Muslim students at the University of Calgary say they're feeling vulnerable after anti-Muslim posters were found on campus. The university said campus security will now be reviewed.
Around 40 posters were found by students at 6:45 a.m. on Tuesday. The flyers made derogatory references to the Koran and the Prophet Muhammad [PBUH].
The flyers cursed the Prophet, Koran, sharia... etc. They went on to state: "On the other hand, you can keep your barbaric ways, right where they belong, in your 7th century homeland!"
At the bottom of the posters was a hashtag urging Muslims to get out of Canada.
Some also contained links to a Facebook page which calls for Islam to be banned in Canada, as well as one which purports to "celebrate Canada's European heritage," CBC reported.
Though, campus security quickly took the posters down, but other flyers and similar hate literature were later found in parking lots and residential mailboxes off campus.
One of those posters addressed "Muzzies," telling them to "get ... out of our countries, and go back to the monstrous ... holes you come from."
Muslims on campus told the National Post that the flyers made them feel scared, particularly when it comes to those who are 'visibly' Muslim.
"I don't wear a scarf, you can't always tell if I'm a Muslim. But for those that do, this is tougher," said Umair Tazeem, president of the Muslim Students' Association.
Following the discovery of the posters, students and faculty gathered to condemn the flyers. They wrote messages of support and tolerance on hard-shaped pieces of paper, with some hanging those notes from tree branches, CBC reported.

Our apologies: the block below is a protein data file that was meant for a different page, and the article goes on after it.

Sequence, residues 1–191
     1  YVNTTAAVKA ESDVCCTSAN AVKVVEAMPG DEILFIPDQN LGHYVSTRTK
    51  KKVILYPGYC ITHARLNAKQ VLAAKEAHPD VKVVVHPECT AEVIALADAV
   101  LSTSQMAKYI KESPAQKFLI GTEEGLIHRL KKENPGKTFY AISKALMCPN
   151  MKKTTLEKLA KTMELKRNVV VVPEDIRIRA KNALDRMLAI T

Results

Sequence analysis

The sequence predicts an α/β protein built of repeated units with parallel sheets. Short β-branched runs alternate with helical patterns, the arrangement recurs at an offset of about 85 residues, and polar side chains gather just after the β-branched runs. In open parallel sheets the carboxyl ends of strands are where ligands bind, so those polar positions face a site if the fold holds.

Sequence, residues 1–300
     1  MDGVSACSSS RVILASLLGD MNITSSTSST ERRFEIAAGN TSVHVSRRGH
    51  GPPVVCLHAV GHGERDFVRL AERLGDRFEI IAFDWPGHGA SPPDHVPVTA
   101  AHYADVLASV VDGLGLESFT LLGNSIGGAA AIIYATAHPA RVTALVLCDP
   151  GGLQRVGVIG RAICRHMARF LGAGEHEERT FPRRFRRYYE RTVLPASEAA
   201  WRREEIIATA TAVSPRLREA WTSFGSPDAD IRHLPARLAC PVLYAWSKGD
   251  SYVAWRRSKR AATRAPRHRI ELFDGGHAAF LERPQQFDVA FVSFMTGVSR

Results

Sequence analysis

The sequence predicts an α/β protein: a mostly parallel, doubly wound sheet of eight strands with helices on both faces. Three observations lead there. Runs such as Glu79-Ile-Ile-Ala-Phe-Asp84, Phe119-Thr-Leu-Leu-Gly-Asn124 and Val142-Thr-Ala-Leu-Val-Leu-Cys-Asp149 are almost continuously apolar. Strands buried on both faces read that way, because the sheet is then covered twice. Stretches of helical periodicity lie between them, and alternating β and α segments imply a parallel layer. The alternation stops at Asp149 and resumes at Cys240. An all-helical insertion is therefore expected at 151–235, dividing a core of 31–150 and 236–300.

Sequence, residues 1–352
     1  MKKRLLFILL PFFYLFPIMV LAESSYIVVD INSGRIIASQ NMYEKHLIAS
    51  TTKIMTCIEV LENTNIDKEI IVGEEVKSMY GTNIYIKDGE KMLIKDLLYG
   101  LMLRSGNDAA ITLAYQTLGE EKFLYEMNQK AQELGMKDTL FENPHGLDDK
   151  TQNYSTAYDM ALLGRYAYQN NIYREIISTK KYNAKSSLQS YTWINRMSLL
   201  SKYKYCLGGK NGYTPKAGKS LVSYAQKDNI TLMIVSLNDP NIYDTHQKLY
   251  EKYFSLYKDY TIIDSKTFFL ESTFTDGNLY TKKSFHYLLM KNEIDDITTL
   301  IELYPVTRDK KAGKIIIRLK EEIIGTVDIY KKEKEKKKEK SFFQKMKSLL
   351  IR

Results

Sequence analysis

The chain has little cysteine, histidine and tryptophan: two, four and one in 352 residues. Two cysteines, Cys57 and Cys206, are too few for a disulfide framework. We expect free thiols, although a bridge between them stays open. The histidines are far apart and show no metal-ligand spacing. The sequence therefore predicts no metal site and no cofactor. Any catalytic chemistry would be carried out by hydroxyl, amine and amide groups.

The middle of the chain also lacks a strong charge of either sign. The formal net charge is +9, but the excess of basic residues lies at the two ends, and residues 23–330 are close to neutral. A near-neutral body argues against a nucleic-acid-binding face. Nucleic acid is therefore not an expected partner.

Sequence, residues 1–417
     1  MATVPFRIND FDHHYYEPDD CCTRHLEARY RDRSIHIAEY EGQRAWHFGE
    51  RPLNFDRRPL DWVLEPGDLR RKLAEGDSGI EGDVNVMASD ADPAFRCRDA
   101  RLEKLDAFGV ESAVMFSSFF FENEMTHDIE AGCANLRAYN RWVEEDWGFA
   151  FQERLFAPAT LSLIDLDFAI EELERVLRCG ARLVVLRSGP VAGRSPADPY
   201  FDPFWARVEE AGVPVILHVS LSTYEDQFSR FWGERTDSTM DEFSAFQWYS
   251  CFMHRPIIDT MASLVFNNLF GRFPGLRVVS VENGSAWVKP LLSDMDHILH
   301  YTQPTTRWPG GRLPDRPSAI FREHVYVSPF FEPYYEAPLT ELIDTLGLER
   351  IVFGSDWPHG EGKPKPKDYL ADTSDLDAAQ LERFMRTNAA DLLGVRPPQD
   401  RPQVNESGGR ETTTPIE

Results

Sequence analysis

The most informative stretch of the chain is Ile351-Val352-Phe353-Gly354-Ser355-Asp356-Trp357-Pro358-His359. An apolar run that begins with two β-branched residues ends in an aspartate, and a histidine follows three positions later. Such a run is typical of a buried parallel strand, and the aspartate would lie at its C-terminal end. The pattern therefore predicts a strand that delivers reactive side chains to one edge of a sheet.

University of Calgary president Elizabeth Cannon also turned up to write a message of support, and told reporters that the incident is "truly disturbing and makes me personally very angry."
She went on to state that while she believes the campus has "terrific" security, it will be analyzed to see "if there is more that we can do."
Cannon said the university is checking surveillance video and working with police to find those responsible.
Those behind the flyers could face a number of criminal charges. Under certain sections of the Criminal Code of Canada, inciting hate propaganda against any identifiable group can result in a maximum jail term of five years.
Tuesday's incident came less than three weeks after hate literature was distributed at another university campus in Alberta in September. Those flyers featured a picture of a Sikh man alongside profanity about turbans. They included a statement calling on people from developing nations' cultures to leave Canada.
The university incidents come after a progressive move by the Canadian government in August, in which it announced that female officers of the Royal Canadian Mounted Police could wear hijabs, in an effort to boost the recruitment of Muslim women and promote diversity.
Source: News Agencies, Edited by website team